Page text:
Madeira, Portugal, Dining Guide to the Food & Drink Scene
Madeira, Portugal, a subtropical island off the coast of northwestern Africa, has an unfortunate reputation as the domain of tourists. And, well, it’s not entirely inaccurate; as a jumping-off point for ships going as far back as the 15th century, some consider Madeira one of Europe’s oldest tourist destinations. Centuries later, many of those visiting are pensioners and package tourists from the United Kingdom and northern Europe. But all these years of visitors have done little to diminish Madeira’s pleasant weather, clear waters, and utterly dramatic scenery. And all this coming and going has left this mountainous little island with a fascinating culinary legacy.
Madeira’s vibe can be a bit hard to pin down, but a good starting point is to envision a slightly less tropical, more rugged, European-influenced Hawai‘i. Like the Pacific archipelago, Madeira offers a host of active, outdoor pursuits — especially hiking — as well as its fair share of tourist cheese. But rent a car and drive a few minutes in just about any direction from Funchal, the capital, and you’ll soon be immersed in a vineyard growing right on the edge of the sea, a centuries-old Catholic church, or the dramatic, mountainous landscape.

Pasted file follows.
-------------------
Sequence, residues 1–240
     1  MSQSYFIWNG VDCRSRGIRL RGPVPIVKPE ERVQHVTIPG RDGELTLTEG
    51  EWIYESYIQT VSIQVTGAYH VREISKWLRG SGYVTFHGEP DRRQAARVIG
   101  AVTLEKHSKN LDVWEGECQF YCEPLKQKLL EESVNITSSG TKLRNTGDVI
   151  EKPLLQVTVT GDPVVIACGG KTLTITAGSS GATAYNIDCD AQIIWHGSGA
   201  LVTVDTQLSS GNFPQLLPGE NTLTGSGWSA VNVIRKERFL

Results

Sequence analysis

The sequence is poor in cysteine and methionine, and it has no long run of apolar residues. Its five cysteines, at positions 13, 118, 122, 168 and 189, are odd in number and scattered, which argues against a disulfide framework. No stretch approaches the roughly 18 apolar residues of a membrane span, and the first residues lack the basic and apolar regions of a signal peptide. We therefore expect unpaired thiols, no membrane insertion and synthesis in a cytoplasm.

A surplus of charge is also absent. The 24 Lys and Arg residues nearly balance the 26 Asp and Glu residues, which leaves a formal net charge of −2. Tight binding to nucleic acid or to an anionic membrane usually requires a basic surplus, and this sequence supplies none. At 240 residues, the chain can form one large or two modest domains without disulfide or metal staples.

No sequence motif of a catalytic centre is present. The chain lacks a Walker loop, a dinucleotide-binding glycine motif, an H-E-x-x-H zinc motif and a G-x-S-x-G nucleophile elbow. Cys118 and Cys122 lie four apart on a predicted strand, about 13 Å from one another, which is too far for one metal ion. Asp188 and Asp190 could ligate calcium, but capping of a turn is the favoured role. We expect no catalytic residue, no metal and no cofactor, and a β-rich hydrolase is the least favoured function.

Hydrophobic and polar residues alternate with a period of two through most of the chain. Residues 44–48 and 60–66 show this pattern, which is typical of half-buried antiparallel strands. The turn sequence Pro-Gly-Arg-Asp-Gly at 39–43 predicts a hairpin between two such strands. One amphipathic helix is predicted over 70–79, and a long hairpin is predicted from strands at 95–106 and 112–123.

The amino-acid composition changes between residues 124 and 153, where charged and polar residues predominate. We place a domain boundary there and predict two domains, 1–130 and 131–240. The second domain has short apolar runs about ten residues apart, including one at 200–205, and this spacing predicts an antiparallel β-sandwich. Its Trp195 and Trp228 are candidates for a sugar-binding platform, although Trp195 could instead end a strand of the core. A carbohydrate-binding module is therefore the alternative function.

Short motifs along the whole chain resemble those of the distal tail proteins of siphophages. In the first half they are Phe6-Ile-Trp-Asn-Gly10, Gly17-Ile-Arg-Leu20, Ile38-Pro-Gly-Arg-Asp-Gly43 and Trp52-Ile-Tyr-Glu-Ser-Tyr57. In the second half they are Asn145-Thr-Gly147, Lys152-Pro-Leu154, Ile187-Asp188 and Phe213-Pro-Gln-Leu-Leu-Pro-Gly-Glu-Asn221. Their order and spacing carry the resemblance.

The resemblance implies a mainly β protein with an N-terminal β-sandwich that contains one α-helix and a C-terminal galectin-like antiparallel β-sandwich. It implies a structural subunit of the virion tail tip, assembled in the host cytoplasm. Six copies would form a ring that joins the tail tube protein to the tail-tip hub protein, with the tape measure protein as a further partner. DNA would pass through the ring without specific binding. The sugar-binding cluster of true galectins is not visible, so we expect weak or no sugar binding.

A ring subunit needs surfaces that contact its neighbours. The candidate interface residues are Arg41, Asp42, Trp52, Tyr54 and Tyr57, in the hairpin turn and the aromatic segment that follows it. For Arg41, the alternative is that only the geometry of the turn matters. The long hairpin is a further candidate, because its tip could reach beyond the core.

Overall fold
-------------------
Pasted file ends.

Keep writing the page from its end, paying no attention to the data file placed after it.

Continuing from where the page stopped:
Seafood forms the backbone of the traditional Madeiran diet. Oily fish such as atum (tuna) and gaiado (skipjack tuna) are prized here, while the much leaner peixe espada (black scabbard fish) is ubiquitous. Lapas (limpets) served on the half shell, drizzled with garlic butter, and roasted in a special pan, are beloved and delicious.
But the island’s cuisine has also been broadly shaped by its role as a shipping outpost. For centuries, Madeira was an obligatory stopover for European ships bound for and returning from Africa, Asia, and the Americas. Its cuisine has been influenced by ingredients, people, and techniques from across the world. Madeira is likely where once “exotic” items such as potatoes, chiles, and corn from the Americas, or nutmeg and clove from Asia, first landed before making their way to mainland Europe.